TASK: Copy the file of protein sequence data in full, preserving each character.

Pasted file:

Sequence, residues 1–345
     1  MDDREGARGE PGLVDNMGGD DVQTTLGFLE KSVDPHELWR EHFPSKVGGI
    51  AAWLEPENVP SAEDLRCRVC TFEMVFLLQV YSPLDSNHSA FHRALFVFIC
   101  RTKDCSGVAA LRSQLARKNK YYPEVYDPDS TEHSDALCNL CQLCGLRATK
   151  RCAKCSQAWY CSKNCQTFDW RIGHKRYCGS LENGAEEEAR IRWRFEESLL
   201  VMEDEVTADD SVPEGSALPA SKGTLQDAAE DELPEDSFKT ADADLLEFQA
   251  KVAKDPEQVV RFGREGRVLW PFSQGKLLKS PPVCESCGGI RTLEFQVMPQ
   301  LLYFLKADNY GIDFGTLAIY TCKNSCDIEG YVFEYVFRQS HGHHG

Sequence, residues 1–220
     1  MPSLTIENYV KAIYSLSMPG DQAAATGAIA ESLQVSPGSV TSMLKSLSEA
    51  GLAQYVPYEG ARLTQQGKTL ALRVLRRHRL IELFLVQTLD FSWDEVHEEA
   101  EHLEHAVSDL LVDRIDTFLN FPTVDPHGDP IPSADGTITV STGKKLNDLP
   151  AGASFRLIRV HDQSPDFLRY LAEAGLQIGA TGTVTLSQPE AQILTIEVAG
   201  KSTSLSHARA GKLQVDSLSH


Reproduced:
Sequence, residues 1–345
     1  MDDREGARGE PGLVDNMGGD DVQTTLGFLE KSVDPHELWR EHFPSKVGGI
    51  AAWLEPENVP SAEDLRCRVC TFEMVFLLQV YSPLDSNHSA FHRALFVFIC
   101  RTKDCSGVAA LRSQLARKNK YYPEVYDPDS TEHSDALCNL CQLCGLRATK
   151  RCAKCSQAWY CSKNCQTFDW RIGHKRYCGS LENGAEEEAR IRWRFEESLL
   201  VMEDEVTADD SVPEGSALPA SKGTLQDAAE DELPEDSFKT ADADLLEFQA
   251  KVAKDPEQVV RFGREGRVLW PFSQGKLLKS PPVCESCGGI RTLEFQVMPQ
   301  LLYFLKADNY GIDFGTLAIY TCKNSCDIEG YVFEYVFRQS HGHHG

Sequence, residues 1–220
     1  MPSLTIENYV KAIYSLSMPG DQAAATGAIA ESLQVSPGSV TSMLKSLSEA
    51  GLAQYVPYEG ARLTQQGKTL ALRVLRRHRL IELFLVQTLD FSWDEVHEEA
   101  EHLEHAVSDL LVDRIDTFLN FPTVDPHGDP IPSADGTITV STGKKLNDLP
   151  AGASFRLIRV HDQSPDFLRY LAEAGLQIGA TGTVTLSQPE AQILTIEVAG
   201  KSTSLSHARA GKLQVDSLSH